WILLSON v. BLACKBIRD CREEK MARSH CO.

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Case Basics
Petitioner 
Willson
Respondent 
Blackbird Creek Marsh Co.
Opinion 
Term:
Facts of the Case 

The state of Delaware authorized the Blackbird Creek Marsh Company to construct a dam spanning the Blackbird Creek. Willson, the licensed owner of a sailing vessel, was travelling on the Creek and broke through the dam. The Company successfully sued Willson for trespassing and obtained a court order for Willson to pay damages. Willson then brought the case to the Supreme Court.

Question 

Did Delaware's authorization of the building of the dam unconstitutionally infringe upon Congress's powers under the Commerce Clause?

Conclusion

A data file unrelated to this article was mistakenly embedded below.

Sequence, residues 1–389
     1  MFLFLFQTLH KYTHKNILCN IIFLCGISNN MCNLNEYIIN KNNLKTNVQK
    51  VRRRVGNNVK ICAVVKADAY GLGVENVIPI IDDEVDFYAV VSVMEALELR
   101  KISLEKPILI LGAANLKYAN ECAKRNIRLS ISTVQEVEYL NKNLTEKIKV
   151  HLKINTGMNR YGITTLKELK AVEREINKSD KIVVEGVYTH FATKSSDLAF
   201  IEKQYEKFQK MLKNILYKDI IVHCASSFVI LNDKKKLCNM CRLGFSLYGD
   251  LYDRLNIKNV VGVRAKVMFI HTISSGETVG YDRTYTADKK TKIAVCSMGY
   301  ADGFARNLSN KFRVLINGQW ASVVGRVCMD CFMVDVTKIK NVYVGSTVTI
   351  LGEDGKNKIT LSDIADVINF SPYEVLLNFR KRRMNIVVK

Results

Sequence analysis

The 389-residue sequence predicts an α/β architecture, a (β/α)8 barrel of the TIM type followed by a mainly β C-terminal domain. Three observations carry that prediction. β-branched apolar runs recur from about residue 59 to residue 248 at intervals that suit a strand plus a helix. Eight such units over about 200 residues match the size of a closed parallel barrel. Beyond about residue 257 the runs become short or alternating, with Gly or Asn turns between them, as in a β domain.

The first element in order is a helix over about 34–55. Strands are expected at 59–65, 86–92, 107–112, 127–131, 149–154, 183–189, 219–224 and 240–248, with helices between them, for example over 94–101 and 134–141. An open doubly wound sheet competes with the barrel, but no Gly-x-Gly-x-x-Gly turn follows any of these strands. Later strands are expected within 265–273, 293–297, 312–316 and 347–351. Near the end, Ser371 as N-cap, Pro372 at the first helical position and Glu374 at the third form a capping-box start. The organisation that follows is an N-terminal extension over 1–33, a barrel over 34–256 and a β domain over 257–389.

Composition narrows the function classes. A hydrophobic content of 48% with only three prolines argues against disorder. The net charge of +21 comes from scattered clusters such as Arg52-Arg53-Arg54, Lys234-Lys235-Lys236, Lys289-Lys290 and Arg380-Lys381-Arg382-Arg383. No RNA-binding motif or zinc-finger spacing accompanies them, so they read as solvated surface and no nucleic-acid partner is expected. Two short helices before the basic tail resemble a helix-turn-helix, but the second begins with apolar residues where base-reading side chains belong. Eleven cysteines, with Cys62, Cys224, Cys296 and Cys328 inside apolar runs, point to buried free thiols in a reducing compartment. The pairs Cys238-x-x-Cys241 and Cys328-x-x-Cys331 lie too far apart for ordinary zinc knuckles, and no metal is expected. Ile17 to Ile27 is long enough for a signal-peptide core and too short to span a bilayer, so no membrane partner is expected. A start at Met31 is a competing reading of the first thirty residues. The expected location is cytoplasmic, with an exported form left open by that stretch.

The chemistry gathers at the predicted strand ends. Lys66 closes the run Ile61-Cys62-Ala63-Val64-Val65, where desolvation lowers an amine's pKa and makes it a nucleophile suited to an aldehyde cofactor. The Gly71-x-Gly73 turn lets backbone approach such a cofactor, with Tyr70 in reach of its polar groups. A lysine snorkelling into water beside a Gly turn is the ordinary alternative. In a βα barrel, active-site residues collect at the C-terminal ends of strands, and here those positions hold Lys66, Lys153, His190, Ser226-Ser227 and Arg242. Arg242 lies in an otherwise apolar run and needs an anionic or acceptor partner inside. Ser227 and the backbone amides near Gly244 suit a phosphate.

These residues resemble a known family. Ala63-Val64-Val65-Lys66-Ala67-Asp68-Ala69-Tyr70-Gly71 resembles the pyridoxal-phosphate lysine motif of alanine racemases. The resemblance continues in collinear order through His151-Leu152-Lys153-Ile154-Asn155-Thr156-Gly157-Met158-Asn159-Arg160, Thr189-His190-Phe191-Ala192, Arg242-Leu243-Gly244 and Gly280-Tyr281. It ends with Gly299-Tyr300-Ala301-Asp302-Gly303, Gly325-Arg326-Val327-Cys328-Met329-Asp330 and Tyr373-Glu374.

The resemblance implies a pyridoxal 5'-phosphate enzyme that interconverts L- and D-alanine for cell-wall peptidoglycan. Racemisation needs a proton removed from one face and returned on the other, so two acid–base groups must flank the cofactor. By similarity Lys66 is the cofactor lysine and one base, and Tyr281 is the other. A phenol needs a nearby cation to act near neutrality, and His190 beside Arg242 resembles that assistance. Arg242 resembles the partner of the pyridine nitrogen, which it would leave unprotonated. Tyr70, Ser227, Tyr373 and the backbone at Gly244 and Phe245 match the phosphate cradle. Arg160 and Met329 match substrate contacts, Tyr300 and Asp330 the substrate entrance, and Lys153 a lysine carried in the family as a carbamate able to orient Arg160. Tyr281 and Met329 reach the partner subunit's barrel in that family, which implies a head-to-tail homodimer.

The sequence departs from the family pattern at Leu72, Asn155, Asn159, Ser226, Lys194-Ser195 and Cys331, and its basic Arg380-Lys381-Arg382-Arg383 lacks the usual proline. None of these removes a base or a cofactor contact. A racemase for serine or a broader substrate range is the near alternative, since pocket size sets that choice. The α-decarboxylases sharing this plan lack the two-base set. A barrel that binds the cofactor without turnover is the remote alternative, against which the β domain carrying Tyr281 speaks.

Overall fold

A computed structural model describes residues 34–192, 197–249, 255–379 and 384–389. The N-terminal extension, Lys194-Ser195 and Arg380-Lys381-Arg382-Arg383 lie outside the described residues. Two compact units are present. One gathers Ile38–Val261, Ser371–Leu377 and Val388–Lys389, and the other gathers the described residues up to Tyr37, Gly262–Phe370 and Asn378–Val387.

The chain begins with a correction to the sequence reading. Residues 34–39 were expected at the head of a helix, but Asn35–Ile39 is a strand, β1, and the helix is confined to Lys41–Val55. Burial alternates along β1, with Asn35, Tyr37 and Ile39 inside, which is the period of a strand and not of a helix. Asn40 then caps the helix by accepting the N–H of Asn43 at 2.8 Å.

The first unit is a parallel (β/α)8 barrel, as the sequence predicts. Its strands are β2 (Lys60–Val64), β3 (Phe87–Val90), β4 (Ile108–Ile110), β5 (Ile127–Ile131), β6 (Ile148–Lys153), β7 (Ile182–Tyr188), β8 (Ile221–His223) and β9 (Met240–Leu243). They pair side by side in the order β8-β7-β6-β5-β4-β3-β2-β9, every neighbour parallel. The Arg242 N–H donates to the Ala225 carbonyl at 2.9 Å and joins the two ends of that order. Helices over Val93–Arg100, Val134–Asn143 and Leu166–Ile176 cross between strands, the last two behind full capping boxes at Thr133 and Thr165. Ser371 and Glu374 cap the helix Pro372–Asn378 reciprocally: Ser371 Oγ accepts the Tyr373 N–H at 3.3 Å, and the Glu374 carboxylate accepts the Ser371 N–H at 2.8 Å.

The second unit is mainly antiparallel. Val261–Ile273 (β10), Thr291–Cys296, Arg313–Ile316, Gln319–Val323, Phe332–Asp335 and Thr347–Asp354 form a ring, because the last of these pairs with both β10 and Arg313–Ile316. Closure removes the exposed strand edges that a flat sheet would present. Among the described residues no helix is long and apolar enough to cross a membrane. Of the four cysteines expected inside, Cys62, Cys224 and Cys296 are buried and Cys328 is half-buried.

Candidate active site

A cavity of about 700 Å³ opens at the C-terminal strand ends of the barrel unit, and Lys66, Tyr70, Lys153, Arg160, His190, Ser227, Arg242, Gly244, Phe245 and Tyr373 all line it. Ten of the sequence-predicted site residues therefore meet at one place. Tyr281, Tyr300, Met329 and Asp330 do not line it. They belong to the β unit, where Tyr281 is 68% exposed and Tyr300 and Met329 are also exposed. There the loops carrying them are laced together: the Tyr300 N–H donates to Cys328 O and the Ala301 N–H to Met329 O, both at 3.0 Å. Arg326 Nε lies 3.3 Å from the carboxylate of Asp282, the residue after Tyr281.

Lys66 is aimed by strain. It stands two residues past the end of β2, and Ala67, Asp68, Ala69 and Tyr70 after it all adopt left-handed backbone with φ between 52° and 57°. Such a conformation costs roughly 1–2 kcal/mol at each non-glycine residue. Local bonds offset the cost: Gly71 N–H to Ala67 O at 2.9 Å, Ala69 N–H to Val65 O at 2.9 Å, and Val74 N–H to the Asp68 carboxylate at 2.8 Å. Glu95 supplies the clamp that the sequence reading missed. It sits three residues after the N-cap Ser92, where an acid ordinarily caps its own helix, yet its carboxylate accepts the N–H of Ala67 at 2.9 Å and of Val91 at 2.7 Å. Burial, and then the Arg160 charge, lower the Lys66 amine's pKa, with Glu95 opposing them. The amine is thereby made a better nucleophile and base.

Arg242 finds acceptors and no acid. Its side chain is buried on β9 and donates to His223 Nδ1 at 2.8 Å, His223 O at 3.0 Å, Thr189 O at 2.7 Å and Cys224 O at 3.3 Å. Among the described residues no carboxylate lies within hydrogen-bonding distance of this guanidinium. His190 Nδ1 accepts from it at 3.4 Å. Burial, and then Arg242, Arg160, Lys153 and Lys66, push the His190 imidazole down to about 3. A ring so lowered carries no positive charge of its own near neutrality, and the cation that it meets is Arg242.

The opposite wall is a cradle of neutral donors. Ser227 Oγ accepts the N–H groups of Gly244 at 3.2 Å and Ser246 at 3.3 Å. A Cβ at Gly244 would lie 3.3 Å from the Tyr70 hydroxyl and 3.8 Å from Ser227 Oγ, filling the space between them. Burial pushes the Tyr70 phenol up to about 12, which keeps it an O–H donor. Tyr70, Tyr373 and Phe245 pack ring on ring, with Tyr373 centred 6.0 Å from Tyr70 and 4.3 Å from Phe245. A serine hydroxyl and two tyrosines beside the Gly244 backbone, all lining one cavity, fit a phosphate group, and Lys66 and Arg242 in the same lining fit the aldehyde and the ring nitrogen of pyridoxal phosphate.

In a unanimous opinion, the Court held that the Act's interference with the navigation of the Blackbird Creek was "an affair between the government of Delaware and its citizens," and was not in conflict with the Commerce Clause. The Court found that Congress had taken no actions with which the Delaware authorization could conflict: "We do not think that the Act. . .can. . .be considered as repugnant to the power to regulate commerce in its dormant state, or as being in conflict with any law passed on the subject."

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WILLSON v. BLACKBIRD CREEK MARSH CO.. The Oyez Project at IIT Chicago-Kent College of Law. 25 November 2014. <http://www.oyez.org/cases/1792-1850/1829/1829_0>.
WILLSON v. BLACKBIRD CREEK MARSH CO., The Oyez Project at IIT Chicago-Kent College of Law, http://www.oyez.org/cases/1792-1850/1829/1829_0 (last visited November 25, 2014).
"WILLSON v. BLACKBIRD CREEK MARSH CO.," The Oyez Project at IIT Chicago-Kent College of Law, accessed November 25, 2014, http://www.oyez.org/cases/1792-1850/1829/1829_0.